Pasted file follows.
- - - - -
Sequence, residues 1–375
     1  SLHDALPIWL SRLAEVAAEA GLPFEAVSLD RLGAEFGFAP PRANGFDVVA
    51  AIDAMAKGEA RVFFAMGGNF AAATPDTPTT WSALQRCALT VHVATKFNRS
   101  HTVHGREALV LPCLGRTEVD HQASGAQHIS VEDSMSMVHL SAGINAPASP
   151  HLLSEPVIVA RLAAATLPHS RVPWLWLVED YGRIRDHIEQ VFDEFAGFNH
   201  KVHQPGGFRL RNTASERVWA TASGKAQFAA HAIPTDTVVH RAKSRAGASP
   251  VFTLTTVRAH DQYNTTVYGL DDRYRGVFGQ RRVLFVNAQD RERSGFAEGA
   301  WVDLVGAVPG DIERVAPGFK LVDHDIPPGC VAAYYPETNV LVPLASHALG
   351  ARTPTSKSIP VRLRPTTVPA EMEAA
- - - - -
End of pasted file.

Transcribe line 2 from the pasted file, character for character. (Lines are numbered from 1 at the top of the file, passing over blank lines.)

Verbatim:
     1  SLHDALPIWL SRLAEVAAEA GLPFEAVSLD RLGAEFGFAP PRANGFDVVA